Neil Young + Promise of the Real
The Monsanto Years
Neil Young is at the head of his congregation once again. But this time he’s preaching with Lukas and Micah Nelson (the sons of Willie Nelson) and Promise of the Real. The result of this collaboration is The Monsanto Years—a barroom protest album fighting against the titular agrochemical company and its cohorts—and, unsurprisingly, these sanctimonious anthems can test even the most loyal Neil Young fan.
But Monsanto is surprisingly successful, if not spectacular. The guitar work and Young’s melancholy disposition are the album’s focal points; where Crazy Horse would ride their guitars into the sunset and beyond, the Nelsons keep Young reserved and effective. When the group aren’t honky-tonk shuffling (“Workin’ Man”) they lay down some nice post-rock axe-work (“Rules of Change”). “Wolf Moon” is classic Young, a gorgeous ode to nature, and closer “If I Don’t Know” is refreshingly frail amidst all the descending guitar riffs. Not even “A Rock Star Bucks a Coffee Shop” can fully detract from the album’s merits, which is a stronger compliment than it might seem.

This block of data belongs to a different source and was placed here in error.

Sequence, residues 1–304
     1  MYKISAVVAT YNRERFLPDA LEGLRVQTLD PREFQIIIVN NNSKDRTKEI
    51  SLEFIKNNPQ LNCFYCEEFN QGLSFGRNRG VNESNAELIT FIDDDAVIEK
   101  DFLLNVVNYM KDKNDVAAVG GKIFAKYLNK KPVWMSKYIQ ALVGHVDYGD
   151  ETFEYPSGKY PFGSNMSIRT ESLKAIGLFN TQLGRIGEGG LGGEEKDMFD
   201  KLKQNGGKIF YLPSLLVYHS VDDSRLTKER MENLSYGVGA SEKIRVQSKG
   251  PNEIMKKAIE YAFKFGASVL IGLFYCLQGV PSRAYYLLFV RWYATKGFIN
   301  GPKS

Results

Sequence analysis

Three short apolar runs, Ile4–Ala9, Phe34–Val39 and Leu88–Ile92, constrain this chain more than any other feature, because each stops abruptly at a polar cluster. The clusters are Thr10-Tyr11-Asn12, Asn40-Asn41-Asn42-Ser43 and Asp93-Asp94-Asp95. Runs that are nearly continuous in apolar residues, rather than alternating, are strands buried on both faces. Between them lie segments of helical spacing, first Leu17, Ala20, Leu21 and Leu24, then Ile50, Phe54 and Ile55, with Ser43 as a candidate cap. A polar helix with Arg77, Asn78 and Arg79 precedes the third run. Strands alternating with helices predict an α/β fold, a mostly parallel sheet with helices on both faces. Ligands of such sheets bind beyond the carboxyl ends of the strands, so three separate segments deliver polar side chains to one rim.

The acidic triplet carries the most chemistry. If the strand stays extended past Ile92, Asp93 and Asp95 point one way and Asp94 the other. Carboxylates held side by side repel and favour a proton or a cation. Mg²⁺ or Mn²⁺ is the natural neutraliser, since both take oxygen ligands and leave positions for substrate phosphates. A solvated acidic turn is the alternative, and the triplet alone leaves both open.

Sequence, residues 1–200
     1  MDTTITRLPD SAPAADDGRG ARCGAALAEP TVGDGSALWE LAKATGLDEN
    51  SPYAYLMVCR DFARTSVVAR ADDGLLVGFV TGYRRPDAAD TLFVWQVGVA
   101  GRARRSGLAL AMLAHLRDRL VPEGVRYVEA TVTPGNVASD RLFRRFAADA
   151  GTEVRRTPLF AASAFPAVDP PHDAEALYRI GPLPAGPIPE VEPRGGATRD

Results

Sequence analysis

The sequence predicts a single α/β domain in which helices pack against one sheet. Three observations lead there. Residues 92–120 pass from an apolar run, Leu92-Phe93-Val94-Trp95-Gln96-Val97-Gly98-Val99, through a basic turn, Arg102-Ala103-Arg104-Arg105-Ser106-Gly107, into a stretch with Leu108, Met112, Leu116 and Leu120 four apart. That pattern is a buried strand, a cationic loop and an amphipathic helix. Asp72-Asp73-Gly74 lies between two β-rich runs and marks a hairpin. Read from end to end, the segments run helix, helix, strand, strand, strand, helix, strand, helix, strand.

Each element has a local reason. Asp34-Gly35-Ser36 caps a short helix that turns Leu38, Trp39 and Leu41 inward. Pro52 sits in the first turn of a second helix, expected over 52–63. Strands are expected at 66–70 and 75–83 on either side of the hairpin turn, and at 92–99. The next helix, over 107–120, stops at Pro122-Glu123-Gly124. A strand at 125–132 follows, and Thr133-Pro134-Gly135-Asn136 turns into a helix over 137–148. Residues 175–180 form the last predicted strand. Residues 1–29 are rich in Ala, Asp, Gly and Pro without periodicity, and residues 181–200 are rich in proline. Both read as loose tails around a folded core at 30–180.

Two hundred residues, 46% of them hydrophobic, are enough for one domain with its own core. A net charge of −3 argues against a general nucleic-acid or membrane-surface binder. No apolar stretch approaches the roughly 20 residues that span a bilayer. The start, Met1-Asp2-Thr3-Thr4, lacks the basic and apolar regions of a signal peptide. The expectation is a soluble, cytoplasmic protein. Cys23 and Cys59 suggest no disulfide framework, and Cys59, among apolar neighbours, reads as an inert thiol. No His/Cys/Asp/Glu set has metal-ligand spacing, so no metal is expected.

Young has cast several shadows across his career with certain gospel-protest records, but The Monsanto Years is his sincerest attempt to date, probably in no small part because of the Nelsons’ influence. Spread the news.